Despite what you may think, GDPR is not the responsibility of just the IT department. It also has something to do with you and every department that takes in any personal info from individuals. It doesn’t matter whether it is payment info or contact info for marketing, GDPR applies and it applies for every department
As an accountant you will have access to either client records or customer records that were previously protected by the Data Protection Act of 1988 but, as of 25th of May last year, is now protected by the General Data Protection Regulation (GDPR).
What does GDPR mean for you?
Here’s a quick-fire run through of how things will change for you.
The larger your organisation the more data your systems will have to process. Depending on how much data it has to process, or whether it is a public authority, a Data Protection Officer may be necessary.
A data privacy impact assessment may be needed if your organisation works with particularly sensitive data.
What Do You BNeed to be Doing?
● Your organisation needs to be able to evidence that all contact data is being lawfully processed. Documentation is necessary to prove “lawful processing”.
● What is “lawful processing”? This means one of two things. Either direct consent, or what is necessary to fulfil a contract. Consent is what you’ll be dealing with most of the time.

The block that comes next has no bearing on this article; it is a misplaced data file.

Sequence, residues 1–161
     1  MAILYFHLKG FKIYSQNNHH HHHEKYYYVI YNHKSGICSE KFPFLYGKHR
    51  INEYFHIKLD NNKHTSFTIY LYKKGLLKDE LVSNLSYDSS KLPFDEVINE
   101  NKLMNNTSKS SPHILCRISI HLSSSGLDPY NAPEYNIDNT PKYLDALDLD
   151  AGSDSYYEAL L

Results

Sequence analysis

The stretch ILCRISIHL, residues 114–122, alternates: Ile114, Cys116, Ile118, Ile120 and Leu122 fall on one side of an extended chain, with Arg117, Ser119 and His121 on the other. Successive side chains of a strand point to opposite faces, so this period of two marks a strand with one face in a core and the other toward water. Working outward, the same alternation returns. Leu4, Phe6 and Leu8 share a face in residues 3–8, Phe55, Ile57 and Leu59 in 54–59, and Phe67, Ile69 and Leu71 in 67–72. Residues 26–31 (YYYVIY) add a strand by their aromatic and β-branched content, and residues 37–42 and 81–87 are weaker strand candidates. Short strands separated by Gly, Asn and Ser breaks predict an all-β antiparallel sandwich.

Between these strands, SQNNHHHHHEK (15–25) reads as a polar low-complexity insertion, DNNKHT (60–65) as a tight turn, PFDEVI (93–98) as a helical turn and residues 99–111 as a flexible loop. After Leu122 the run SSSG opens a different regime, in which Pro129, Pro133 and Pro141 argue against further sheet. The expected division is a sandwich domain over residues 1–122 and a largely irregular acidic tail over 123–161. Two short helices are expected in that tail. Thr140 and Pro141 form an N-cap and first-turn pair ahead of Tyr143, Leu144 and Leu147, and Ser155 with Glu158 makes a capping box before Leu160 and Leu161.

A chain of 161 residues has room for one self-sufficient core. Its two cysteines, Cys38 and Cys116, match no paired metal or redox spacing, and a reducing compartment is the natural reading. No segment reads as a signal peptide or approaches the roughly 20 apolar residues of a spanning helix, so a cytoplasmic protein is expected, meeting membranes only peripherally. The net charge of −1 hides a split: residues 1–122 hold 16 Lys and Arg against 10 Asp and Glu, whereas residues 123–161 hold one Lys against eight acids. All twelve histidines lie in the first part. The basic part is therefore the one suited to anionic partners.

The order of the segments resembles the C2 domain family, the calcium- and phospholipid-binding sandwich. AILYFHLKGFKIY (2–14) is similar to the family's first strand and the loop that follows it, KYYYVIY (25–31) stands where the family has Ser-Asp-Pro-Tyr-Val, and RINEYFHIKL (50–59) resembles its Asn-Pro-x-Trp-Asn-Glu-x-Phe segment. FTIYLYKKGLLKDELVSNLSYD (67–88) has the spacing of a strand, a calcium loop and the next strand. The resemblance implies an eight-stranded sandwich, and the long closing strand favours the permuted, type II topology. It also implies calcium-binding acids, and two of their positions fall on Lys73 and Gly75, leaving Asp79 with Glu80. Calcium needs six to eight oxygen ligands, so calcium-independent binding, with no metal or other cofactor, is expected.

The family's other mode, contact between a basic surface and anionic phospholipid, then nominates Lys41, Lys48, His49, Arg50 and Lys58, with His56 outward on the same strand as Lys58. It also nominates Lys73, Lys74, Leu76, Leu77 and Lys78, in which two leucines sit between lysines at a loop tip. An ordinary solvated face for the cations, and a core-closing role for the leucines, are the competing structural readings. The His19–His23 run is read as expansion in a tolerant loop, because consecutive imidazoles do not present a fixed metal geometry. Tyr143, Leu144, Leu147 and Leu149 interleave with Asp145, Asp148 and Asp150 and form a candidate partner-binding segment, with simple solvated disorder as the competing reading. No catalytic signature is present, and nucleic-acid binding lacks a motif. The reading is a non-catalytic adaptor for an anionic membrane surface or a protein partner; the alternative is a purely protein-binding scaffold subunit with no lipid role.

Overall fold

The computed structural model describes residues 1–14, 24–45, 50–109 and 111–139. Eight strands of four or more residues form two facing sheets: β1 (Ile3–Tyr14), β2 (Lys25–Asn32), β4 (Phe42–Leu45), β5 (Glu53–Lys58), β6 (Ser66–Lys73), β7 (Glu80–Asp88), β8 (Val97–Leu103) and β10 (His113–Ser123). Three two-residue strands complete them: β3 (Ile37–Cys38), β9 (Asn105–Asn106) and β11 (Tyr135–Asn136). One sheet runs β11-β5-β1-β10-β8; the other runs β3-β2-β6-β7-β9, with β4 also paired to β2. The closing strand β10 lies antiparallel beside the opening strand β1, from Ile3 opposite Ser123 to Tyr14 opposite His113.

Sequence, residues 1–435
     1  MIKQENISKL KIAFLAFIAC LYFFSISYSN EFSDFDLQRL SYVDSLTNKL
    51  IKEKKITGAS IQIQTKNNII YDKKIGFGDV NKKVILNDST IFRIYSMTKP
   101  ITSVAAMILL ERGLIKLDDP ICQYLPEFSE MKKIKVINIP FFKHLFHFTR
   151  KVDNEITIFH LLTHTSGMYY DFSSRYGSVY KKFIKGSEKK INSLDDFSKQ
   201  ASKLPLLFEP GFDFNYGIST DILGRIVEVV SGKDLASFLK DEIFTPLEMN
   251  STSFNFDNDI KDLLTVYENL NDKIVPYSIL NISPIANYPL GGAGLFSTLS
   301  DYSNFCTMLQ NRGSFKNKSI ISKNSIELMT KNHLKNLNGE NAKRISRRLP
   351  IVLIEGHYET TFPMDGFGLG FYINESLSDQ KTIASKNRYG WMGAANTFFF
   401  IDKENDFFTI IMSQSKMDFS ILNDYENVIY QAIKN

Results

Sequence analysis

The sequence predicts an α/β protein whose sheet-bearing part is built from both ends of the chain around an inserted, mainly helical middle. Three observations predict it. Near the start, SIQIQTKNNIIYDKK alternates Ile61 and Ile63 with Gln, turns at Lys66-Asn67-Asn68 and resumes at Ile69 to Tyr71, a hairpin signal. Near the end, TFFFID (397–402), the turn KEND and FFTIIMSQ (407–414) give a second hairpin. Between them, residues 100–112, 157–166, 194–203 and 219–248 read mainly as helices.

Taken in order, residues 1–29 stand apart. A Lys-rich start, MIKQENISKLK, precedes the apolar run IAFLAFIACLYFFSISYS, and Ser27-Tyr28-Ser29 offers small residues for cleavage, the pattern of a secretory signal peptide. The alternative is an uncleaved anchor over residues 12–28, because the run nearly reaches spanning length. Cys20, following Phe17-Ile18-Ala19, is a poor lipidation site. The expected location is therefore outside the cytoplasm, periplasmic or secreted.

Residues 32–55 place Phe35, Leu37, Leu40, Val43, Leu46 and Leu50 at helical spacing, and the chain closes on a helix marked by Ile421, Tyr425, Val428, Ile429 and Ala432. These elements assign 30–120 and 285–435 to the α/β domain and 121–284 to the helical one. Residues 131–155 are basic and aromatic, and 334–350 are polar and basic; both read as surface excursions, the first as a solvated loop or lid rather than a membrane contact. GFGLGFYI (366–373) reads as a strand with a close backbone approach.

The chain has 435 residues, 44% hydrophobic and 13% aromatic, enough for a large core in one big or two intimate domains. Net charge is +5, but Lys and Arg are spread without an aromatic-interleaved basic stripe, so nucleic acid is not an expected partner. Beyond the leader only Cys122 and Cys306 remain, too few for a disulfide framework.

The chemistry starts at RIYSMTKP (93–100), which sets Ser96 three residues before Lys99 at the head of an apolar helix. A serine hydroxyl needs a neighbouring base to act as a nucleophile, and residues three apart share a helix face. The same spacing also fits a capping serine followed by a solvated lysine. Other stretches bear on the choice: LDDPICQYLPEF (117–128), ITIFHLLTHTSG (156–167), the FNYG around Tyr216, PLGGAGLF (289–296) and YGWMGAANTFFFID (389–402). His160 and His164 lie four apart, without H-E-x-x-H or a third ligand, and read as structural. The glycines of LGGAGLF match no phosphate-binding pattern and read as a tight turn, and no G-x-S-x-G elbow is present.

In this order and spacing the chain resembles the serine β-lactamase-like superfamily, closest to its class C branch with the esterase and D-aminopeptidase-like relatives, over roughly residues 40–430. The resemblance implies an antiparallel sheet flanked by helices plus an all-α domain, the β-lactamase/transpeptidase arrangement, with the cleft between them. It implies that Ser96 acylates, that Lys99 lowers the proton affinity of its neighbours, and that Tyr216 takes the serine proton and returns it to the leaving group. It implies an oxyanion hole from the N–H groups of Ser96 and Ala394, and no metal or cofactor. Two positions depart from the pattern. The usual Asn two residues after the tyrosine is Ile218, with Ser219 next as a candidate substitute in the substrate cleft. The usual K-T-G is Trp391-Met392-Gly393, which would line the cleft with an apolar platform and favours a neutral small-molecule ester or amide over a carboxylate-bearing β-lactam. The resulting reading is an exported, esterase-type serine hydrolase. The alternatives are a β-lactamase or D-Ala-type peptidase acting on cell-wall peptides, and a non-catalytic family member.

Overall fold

● Consent is not taken for granted to mean consent for everything. Instead it is granular, meaning individuals have the opportunity to opt in and out of particular things.
● Fresh consent will be needed for any existing data, if there is no evidence that consent was granted in the first place.
● Pre-checked boxes are no longer allowed on webforms.
The Rights of Individuals
● GDPR offers individuals more rights than under the Data Protection Act.
● One of their rights is to be able to access their data and have it corrected.
● Amongst new rights is the right to be forgotten and the right to have their data directed elsewhere, as well as the right to have automated profiling using their data restricted.
What About Your Company Policies?
● The journey that data takes, as it comes in from individuals and makes its way around your company, should be mapped and understood so you can identify how permission was obtained.
● Update your internal data protection policy to incorporate everything discussed above.
● Make sure your internal data protection policy includes details on identifying data breaches, reporting and how they should be investigated.
What Else Can I Do?
Set up a group of relevant officers within your organisation to ensure that the accounting concerns are also represented within any audits and data mapping processes. Make sure you are up to date with all the changes occurring within your organisation and understand how those changes in data policy can affect how you manage the data as it filters through your department.